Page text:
We share the frustration of U.S. District Judge Kurt Englehardt with the unprofessional conduct of federal prosecutors who posted anonymous online comments about the trial of former New Orleans police officers convicted of shooting six unarmed people after Hurricane Katrina. That frustration was evident in Englehardt’s controversial decision to overturn the convictions and order a new trial.
But Englehardt’s 129-page ruling seems driven more by anger than reason, compromising the court’s obligation to temper passion with restraint, and to decide cases based on legal principle, not personal caprice. We hope that the Justice Department appeals Englehardt’s ruling, and that a higher court overturns it.
In a commentary that often sounded more like a rant than a ruling, Englehardt expressed understandable rage at the excesses of prosecutors who posted the inflammatory comments about the case. The judge also cited other lapses by the Justice Department in the prosecution of the officers accused of shooting unarmed victims on the Danziger bridge.
But none of the prosecutors who posted the comments were part of the trial team, and we don’t believe that any of the other prosecutorial improprieties cited by Englehardt, however regrettable, justified his decision to order a new trial.
The accused are entitled to a fair trial, but the judge’s order does not clearly establish that the prosecutors’ now-famous anonymous online commentaries specifically swayed jurors. As the judge noted in his long excoriation of the prosecutors, the jurors who read The Times-Picayune’s online coverage of the case seemed to have only a slightly dimmer view of the defense position. And the papers have been full of stories of police misconduct for a long time, so it is difficult to see how any problem of media-driven bias was significant.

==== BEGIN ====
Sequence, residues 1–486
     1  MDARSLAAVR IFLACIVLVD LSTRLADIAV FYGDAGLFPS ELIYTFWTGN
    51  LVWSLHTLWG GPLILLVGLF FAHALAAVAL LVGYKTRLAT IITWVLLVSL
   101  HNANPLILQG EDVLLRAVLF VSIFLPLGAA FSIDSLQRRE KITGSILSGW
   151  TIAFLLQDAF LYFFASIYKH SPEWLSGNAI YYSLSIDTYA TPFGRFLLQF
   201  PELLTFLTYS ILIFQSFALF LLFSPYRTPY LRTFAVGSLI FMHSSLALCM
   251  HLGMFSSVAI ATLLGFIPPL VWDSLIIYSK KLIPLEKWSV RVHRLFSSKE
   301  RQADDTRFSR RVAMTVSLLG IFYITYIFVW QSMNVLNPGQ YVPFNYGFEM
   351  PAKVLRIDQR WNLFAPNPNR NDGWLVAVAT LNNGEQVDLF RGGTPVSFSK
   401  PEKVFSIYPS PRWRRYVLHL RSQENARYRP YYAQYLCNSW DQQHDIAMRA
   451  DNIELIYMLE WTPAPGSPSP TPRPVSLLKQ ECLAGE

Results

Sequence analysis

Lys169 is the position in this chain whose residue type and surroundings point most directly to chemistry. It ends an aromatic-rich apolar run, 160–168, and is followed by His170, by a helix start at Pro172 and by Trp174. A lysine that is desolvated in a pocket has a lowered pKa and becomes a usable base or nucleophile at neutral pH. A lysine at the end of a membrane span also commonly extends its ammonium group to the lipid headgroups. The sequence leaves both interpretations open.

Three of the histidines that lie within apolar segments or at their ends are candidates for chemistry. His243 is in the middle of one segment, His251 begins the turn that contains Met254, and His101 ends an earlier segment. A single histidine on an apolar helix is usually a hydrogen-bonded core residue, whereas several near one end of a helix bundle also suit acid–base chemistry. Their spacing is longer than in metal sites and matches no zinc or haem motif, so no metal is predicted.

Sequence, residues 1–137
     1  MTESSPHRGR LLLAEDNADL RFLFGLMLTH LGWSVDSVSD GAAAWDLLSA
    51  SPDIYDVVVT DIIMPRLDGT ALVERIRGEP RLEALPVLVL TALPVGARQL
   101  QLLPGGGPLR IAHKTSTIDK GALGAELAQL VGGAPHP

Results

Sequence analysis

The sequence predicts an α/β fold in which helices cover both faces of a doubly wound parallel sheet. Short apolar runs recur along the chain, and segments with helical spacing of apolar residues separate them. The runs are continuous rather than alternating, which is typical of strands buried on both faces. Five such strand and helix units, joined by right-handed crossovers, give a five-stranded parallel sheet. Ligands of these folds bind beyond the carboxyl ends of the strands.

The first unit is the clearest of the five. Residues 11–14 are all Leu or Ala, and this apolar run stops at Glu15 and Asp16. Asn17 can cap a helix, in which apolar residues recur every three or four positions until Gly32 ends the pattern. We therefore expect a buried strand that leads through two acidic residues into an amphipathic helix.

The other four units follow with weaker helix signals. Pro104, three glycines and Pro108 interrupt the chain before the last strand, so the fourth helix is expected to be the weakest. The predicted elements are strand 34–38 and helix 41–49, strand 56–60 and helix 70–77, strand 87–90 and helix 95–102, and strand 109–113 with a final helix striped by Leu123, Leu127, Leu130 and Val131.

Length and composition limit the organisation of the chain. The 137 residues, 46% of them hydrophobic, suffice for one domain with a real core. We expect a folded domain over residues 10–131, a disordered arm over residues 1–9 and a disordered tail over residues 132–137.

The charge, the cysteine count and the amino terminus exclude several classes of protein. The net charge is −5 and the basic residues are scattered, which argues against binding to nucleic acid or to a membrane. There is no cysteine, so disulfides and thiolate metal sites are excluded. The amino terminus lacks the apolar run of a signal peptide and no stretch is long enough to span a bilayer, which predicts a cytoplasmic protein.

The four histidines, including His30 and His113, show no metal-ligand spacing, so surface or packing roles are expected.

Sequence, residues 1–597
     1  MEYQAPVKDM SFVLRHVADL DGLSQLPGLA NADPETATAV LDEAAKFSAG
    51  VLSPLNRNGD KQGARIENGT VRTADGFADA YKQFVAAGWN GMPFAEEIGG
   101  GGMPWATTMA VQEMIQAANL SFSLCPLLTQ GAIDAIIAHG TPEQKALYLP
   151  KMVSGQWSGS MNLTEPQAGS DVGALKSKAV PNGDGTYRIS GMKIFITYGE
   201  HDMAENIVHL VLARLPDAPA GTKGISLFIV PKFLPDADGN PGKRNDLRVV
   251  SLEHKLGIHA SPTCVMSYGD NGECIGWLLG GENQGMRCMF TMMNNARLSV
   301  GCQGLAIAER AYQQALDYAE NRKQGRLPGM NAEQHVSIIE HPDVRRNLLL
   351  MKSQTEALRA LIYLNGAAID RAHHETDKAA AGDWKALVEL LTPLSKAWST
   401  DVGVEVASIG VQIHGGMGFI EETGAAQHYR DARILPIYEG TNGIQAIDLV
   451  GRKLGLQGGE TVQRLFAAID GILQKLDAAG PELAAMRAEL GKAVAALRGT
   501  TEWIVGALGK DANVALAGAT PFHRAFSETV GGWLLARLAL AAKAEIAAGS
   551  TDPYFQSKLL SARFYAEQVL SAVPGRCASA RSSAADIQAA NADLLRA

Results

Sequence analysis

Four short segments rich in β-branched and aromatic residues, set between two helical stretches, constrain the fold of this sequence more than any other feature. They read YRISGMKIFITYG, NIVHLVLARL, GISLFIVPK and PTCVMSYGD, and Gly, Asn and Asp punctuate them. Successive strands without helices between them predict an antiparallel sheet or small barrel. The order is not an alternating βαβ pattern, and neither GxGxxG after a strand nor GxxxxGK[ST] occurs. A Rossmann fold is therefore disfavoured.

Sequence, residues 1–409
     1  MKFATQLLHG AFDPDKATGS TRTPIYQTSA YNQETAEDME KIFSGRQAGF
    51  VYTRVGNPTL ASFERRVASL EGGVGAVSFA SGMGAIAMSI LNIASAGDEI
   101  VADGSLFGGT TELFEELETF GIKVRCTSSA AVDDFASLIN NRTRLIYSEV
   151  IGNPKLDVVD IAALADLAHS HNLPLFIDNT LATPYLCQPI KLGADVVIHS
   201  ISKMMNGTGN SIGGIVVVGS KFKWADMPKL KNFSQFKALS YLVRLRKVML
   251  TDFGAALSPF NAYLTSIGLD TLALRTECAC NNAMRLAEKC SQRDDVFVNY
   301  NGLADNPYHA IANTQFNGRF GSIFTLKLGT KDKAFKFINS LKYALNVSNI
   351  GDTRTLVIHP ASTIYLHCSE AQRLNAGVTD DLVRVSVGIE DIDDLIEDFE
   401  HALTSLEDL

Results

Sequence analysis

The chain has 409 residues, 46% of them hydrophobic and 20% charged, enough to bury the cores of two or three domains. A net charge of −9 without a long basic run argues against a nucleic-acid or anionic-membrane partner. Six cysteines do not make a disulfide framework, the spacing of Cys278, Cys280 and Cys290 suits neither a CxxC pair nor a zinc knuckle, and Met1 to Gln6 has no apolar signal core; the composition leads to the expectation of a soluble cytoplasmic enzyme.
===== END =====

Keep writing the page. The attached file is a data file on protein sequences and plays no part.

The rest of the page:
Before deciding to overturn the convictions, Englehardt could have called an evidentiary hearing to determine whether the jurors in the case had been tainted by prosecutorial misconduct. The judge gave various reasons why such a hearing might be impractical, but his remedy — a new trial — seems radically more problematic than such a hearing would have been. Englehardt’s extreme solution to the legal issues surrounding this case seems like an exercise in impatience, not impartiality.
On the building that houses the U.S. Department of Justice in Washington, there is a motto that the government succeeds when justice is done.
Despite the prosecutors’ misconduct that marred the trial of the officers involved in the Danziger Bridge shootings and subsequent cover-up, we do not see how justice is served by a new trial.
The judge rightly recognizes that a new trial would be painful to the victims and their families.
There is also little reason to believe that the verdict will be different. Those shot and their families would be victimized three times in this tragedy: on the bridge, by a cover-up of the crimes by the police, and finally by facing a retrial on the events of 2005.